All that said, there is something a bit . . . rich here, given what Obama had to say in a 2010 speech pushing tougher Wall Street regulation:
“We’re not trying to push financial reform because we begrudge success that’s fairly earned. I mean, I do think at a certain point you’ve made enough money.”
Which makes you wonder when Obama will reach the point where he’s earned enough.
Pushing back, CNAS’ Loren DeJonge Schulman, who served multiple senior posts in government, most recently as senior advisor to Susan Rice, argues persuasively that this pushback is silly. In a tweetstorm last evening, she hit back at HuffPo CEO Lydia Pollgreen’s questioning of the fee, observing “President Obama worked harder than you ever have in your life for eight years. His experience [is] immeasurable.” She added, “If people want to pay him extraordinary amounts of money for him to be candid with them about the problems he saw they caused / can help fix.” Additionally, she notes, former presidents need to make a living and wonders what his critics would have him do, ”Reopening a law practice? Con law professor?”
This morning, presumably reflecting on pushback to her tweets, she observed, “Some think Obama has [created the] appearance of being bought w/speech? Y’all. You know what he can charge for just sitting as advisor at same firms right”?
I’m neither particularly outraged by the speaking fee—presidents who don’t cash in on the speech circuit have been the exception since Ronald Reagan inaugurated the practice—nor thrilled with it. The possible objections fall into a few buckets:
Many, myself included, were quite uncomfortable with the appearance of impropriety in the various Clinton Foundation entities twisting the arms of business leaders and foreign governments for huge donations while Hillary Clinton was in office (the Senate, Secretary of State) or running for the presidency. Despite no evidence that any favors were done in exchange for these contributions, the mere fact that one might reasonably conclude that access to power could be influenced by these donations was a rather powerful incentive to participate.
Barack Obama, of course, is not in this position, Unless we amend the Constitution, he’s ineligible to run for president again and it’s extremely unlikely he’ll follow the John Quincy Adams precedent and return to the Senate. Given his age and Republican control of the White House and Congress, it’s even less likely he’ll follow William Howard Taft’s precedent and wind up on the Supreme Court. I suppose it’s possible that Michelle will follow Hillary Clinton’s lead and cash in on the name recognition she accrued as First Lady to launch a political career, but there’s no indication she has any such intention.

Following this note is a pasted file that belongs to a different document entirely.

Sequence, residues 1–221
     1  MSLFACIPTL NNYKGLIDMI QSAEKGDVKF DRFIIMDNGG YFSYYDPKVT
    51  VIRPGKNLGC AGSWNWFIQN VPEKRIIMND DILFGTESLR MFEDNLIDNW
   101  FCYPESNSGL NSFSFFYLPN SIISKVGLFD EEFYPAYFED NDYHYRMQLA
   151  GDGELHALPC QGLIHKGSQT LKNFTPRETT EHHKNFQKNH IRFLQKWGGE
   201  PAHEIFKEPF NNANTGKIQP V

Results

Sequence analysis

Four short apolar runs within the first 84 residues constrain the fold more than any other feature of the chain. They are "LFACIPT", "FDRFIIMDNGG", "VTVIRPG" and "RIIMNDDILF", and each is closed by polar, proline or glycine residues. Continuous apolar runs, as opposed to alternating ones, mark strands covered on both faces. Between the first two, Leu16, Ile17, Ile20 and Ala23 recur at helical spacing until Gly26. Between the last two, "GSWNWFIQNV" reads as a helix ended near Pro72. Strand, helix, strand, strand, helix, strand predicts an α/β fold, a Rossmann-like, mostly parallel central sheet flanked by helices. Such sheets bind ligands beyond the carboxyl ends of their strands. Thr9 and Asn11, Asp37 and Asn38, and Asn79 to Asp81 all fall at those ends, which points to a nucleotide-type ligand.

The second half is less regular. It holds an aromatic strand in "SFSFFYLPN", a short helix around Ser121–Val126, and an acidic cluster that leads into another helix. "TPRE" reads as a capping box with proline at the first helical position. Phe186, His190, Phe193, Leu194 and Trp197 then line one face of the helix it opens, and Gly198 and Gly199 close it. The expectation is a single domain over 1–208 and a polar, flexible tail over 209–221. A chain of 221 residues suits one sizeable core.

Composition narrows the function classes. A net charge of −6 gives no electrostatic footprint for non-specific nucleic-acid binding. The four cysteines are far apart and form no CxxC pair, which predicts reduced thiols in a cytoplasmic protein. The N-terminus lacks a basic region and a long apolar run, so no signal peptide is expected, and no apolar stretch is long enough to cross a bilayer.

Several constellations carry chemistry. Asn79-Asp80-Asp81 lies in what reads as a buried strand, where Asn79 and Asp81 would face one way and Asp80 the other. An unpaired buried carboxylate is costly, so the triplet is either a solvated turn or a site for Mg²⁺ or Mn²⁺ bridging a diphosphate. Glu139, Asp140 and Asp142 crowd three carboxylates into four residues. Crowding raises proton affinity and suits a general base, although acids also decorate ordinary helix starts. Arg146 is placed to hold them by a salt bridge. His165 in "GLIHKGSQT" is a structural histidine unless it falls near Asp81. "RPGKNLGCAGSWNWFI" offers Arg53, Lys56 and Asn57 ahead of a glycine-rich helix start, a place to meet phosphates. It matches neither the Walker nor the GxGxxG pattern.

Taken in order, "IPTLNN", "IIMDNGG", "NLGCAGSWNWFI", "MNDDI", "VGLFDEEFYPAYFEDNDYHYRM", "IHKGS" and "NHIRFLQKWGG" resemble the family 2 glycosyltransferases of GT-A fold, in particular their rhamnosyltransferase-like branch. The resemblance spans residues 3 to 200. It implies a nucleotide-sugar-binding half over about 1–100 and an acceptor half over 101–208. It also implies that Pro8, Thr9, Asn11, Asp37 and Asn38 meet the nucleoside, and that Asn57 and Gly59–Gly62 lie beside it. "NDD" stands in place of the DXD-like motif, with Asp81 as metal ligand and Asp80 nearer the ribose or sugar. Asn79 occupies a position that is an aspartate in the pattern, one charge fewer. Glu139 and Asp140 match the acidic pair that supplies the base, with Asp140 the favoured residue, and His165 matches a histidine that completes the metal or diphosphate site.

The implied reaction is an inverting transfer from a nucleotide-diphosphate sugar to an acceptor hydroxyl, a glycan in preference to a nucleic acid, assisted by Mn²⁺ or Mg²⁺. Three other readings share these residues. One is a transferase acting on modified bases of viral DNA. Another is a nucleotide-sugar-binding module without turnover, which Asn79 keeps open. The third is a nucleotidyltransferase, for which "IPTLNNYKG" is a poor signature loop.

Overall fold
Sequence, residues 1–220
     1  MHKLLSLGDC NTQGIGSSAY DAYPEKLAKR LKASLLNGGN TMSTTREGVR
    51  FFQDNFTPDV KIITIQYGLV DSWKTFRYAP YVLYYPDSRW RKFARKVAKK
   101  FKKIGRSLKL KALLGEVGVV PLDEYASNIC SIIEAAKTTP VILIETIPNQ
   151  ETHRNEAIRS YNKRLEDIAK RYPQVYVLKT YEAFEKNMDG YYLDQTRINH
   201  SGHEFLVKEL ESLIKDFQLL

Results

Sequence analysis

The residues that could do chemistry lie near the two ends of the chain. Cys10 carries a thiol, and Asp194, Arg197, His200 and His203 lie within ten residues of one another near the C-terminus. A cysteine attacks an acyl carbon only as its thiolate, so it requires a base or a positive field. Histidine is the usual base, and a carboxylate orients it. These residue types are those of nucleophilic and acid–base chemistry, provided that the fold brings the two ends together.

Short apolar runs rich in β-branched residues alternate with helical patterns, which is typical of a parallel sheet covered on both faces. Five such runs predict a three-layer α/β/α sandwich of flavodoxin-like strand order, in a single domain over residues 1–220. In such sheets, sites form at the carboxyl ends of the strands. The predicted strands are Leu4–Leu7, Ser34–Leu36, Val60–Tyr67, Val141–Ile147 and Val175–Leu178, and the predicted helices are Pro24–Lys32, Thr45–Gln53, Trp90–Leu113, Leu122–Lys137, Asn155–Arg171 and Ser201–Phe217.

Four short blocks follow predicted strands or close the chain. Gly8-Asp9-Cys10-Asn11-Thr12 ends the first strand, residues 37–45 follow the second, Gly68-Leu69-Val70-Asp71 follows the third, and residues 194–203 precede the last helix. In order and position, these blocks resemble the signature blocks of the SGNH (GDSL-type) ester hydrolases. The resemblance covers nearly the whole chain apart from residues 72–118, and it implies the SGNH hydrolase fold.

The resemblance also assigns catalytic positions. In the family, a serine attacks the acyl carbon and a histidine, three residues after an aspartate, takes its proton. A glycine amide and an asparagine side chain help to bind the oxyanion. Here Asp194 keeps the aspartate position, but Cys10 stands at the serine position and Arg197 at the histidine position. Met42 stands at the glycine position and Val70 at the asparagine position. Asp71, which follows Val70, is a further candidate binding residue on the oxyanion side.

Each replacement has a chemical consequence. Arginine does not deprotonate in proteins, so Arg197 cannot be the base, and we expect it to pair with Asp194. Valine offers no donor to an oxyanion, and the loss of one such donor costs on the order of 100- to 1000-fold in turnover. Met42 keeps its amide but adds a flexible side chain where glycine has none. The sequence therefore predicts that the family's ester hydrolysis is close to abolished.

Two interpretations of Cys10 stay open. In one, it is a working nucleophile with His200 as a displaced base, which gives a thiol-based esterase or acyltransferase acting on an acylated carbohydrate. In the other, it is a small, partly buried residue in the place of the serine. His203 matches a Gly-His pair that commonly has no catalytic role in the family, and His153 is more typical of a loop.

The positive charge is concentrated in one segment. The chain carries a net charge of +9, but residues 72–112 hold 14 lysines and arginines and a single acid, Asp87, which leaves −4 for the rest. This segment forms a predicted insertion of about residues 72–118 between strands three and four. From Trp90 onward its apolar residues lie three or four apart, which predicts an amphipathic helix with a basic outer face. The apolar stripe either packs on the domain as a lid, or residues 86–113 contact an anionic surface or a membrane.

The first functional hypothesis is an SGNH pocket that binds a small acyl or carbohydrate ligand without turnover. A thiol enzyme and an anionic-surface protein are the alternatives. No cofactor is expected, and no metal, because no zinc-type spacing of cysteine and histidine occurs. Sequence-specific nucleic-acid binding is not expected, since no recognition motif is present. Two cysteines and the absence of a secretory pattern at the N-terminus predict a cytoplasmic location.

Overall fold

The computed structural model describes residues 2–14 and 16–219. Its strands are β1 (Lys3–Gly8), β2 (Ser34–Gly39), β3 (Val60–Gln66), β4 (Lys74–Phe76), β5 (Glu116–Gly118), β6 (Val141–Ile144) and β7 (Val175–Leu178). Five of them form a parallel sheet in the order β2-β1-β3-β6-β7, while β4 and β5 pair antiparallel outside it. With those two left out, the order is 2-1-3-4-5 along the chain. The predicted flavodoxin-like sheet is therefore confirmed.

It’s much easier to see how, knowing that a lucrative speaking career awaits upon leaving office, presidents and other politicians might change how they govern to avoid antagonizing those with the most ability to pay. Yet, while Bernie Sanders and others in the Progressive wing of the Democratic Party have charged that Obama was too soft on Wall Street, there’s simply no reason to believe that he was even slightly influenced by the prospect of cashing in. While I voted against him both times he ran and was a frequent critic of his presidency, his character is beyond reproach on this score.
Then again, it’s not at all difficult to imagine a less scrupulous successor very much thinking about the office as a platform for lining his or her pockets. Indeed, it’s quite easy.
That said, contra Matt Yglesias, I’m not sure it’s reasonable to expect Obama to bear the burden of setting that example. Nor, indeed, would his setting an example of non-corruption be likely to influence a less scrupulous successor to behave in the same manner. If we’re concerned about former officials cashing in, then we need to codify the restrictions into law and apply them to everyone, not just the righteous.
Dignity of the Office
Even if we don’t think ex-presidents are going to be corrupt—because we believe they’ll obey their oath while in office and are out of favors to give once their political career concludes—there’s still the argument that it sullies the office for them to be out hustling for appearance fees. I’m sympathetic to that sentiment.